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YZ 400 Models History

 YZ 400 Models History

Yamaha is obsessed with huge motorcycles. Clearly, there is a connection between Yamaha and the concept of large displacement motocross bikes, dating back to when 360cc was considered enormous and 500cc was thought absurd.

For the most of the 1970s, Yamaha was the only Japanese manufacturer offering an open-class MX bike. However, the connection dates back much further. You have to go all the way back to Japan's first mass-produced motocross bikes to find out.

Since 1969, Yamaha has been doing so. The 250cc DT1MX and 360cc RT1MX were the official versions that year. They were based on enduro bikes but were scaled down for racing and had factory Yamaha GYT equipment.

Those early motorcycles became the basis of racing operations in Europe and the United States. Torsten Hallman was the focal point of a global development program that used the World Championship Grand Prix as a testing ground.

The riders were Gary and DeWayne Jones, and their father, Don Jones, was the engineer.

Both factions took their reinvented race bikes to Japan, where they were met with all-new, entry-level motorcycles released to the general public in 1973. That was the commencement of the YZ line.


YZ 400 Models History


YZ 400 Models History By Years

In Europe and Canada, the first YZs arrive in 1973. They used straps to fasten their lightweight metal gasoline tanks. Gary Jones admits that the prototype was made with saddle straps fashioned from horse tack shop materials. The straps were so popular with the Japanese engineers that they were included in the manufacturing model. Yamaha sold an oddball model named the SC500 in the United States that was unrelated to anything marketed prior or later. The SC was powerful, but it was a challenge to ride. In the same year, the US had an MX360 based on the RT1 enduro bike.

In 1974, America received the entire YZ series, including the 360, 250, and 125. Yamaha also maintained its MX series, which was more cheap. These were also new bikes, but they had nearly no parts in common with the YZs. The YZ360A cost roughly $1700 in the United States. There were only 500 manufactured, and the '74 YZ360A is still one of the most sought-after vintage dirt bikes.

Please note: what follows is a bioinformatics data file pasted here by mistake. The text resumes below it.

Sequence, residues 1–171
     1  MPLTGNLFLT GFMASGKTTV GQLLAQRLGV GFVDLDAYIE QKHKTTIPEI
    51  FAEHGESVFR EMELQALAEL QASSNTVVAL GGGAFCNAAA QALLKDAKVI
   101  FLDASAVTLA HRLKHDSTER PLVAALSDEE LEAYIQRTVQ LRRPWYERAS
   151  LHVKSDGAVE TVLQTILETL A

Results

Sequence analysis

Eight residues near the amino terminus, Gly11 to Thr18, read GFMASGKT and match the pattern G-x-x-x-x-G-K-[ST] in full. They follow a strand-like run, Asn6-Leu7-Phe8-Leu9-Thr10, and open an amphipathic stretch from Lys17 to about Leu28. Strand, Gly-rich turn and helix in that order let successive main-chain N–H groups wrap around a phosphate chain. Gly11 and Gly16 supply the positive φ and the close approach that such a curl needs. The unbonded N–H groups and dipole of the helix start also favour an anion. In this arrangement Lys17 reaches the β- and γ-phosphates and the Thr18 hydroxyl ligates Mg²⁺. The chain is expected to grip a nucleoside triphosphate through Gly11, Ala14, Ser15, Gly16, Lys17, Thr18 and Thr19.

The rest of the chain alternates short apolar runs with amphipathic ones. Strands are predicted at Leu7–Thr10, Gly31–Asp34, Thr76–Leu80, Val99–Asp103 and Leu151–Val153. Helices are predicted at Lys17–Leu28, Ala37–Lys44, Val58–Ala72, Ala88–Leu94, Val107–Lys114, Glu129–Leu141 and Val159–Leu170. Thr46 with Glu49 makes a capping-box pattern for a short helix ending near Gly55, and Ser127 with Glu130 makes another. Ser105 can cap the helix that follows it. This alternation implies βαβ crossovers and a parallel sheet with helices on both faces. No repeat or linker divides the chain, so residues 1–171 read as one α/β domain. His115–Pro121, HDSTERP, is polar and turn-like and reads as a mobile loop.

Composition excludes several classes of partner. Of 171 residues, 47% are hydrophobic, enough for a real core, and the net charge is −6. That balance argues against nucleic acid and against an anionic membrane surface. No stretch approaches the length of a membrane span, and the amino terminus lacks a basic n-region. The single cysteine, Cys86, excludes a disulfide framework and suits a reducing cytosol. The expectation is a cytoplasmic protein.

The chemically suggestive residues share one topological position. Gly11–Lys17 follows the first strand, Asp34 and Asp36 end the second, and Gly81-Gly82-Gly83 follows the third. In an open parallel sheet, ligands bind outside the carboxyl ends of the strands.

In 1975, long-travel suspension swept the motocross world. In Yamaha's case, this signified the Monoshock was on the way. Yamaha continued to provide two distinct lines: the huge YZ remained 360cc, while the new MX400 had a 397cc displacement. Although the MX was heavier and less expensive, most riders preferred it to the pipey YZ360.

Yamaha, sort of, ended the MX line in 1976. The new YZ400 was based on the MX400 from 1975. Large reservoirs at the top of each fork leg were added to the 1976 version, which cost extra. Each year between 1976 and 1978, the YZ400 improved.

In 1977, it received a plastic fuel tank, and in 1978, an aluminum swingarm. The YZ400E from 1978 is widely regarded as one of the top Open-class MX bikes of the decade. In 1976, the TT500 was also released. It was Yamaha's first dirt-only four-stroke motorbike, and it became an instant classic.

In Japanese motocross, 1979 was a year of backward progress. The 1979 YZ400 was revamped with a short-stroke motor that wasn't as powerful as its predecessor. This allowed European manufacturers, primarily Maico, to re-enter the fray. In the Open class, Honda and Kawasaki had nothing, while Yamaha and Suzuki were unprepared for the arrival of the Maico 490. Yamaha added an IT400 to the IT range of off-road motorcycles.

1980–81: Yamaha rapidly responded to the situation by introducing the YZ465. In every sense, it was a fantastic bike. If Yamaha had persisted with that engine, the Open class might have been rescued for years. However, a horsepower race was brewing. For a year, the IT400 became an IT425 and eventually an IT465. It would be phased out in 1985.

Yamaha introduces the YZ490J in 1982. It received a major change to the Monoshock design, which now includes linkage between the shock and the swingarm, in addition to the increased displacement. The 490 was big, swift, and demanded a lot from its rider. Unfortunately, the Open class in motocross was beginning to fade, and Yamaha didn't see a compelling reason to continue developing the huge two-stroke.

From 1983 through 1990, the YZ490 was a strong and fearsome motorcycle, but development slowed to a halt. The '83 model received a new suspension design, and the '85 model received a front disc brake and a Euro-style white color scheme, but little else changed. Meanwhile, both the Honda CR500R and the Kawasaki KX500 acquired liquid cooling, but sales and development stagnated. When the YZ490 was quietly discontinued in 1991, it was essentially obsolete.

1992: For a two-year life as an off-road bike, the 490 was revived as the WR500. The WR received a larger gasoline tank as well as a number of off-road features. It didn't go over well with racers, but it was a hit with the sand-dune crowd.

The YZ400F ushered in the four-stroke era in 1998. It wasn't quite as good as the two-stroke at the time, but it came close. The YZ426 from 2000 was only somewhat better, but it was still difficult to start and heavy.

2003: It was evident by this point that four-strokes were going to take over. It had only been a matter of time. The YZ450F emerged as a counter to the Honda CRF450R in 2002, reigniting the horsepower rivalry.

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